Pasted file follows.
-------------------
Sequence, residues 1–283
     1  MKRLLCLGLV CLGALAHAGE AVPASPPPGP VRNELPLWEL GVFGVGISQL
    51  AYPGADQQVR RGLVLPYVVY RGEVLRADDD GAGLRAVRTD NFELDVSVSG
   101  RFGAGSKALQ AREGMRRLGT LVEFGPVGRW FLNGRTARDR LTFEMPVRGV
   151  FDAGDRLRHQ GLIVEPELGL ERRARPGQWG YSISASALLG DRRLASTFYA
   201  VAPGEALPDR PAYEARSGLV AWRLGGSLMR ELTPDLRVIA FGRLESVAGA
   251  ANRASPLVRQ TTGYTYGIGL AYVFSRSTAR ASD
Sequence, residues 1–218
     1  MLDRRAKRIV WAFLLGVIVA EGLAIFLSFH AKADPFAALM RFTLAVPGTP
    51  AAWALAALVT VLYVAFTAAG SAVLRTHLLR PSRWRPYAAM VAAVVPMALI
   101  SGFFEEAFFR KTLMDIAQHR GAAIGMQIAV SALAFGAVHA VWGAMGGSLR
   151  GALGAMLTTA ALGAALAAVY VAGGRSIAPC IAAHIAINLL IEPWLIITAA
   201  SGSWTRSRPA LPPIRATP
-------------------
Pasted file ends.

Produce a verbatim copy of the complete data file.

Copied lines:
Sequence, residues 1–283
     1  MKRLLCLGLV CLGALAHAGE AVPASPPPGP VRNELPLWEL GVFGVGISQL
    51  AYPGADQQVR RGLVLPYVVY RGEVLRADDD GAGLRAVRTD NFELDVSVSG
   101  RFGAGSKALQ AREGMRRLGT LVEFGPVGRW FLNGRTARDR LTFEMPVRGV
   151  FDAGDRLRHQ GLIVEPELGL ERRARPGQWG YSISASALLG DRRLASTFYA
   201  VAPGEALPDR PAYEARSGLV AWRLGGSLMR ELTPDLRVIA FGRLESVAGA
   251  ANRASPLVRQ TTGYTYGIGL AYVFSRSTAR ASD
Sequence, residues 1–218
     1  MLDRRAKRIV WAFLLGVIVA EGLAIFLSFH AKADPFAALM RFTLAVPGTP
    51  AAWALAALVT VLYVAFTAAG SAVLRTHLLR PSRWRPYAAM VAAVVPMALI
   101  SGFFEEAFFR KTLMDIAQHR GAAIGMQIAV SALAFGAVHA VWGAMGGSLR
   151  GALGAMLTTA ALGAALAAVY VAGGRSIAPC IAAHIAINLL IEPWLIITAA
   201  SGSWTRSRPA LPPIRATP